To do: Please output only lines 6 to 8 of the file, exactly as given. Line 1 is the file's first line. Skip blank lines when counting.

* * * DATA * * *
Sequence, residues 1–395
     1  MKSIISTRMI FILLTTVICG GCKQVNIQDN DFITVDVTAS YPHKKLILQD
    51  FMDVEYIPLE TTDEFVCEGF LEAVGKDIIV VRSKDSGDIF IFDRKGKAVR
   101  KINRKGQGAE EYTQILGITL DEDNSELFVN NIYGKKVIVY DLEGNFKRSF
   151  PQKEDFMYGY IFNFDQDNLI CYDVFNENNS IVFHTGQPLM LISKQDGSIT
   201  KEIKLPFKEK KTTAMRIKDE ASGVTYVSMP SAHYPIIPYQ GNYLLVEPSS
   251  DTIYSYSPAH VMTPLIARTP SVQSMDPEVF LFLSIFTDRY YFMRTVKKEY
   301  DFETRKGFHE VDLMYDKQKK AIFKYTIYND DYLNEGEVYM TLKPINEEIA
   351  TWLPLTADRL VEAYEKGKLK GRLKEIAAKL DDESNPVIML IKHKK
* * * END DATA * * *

   201  KEIKLPFKEK KTTAMRIKDE ASGVTYVSMP SAHYPIIPYQ GNYLLVEPSS
   251  DTIYSYSPAH VMTPLIARTP SVQSMDPEVF LFLSIFTDRY YFMRTVKKEY
   301  DFETRKGFHE VDLMYDKQKK AIFKYTIYND DYLNEGEVYM TLKPINEEIA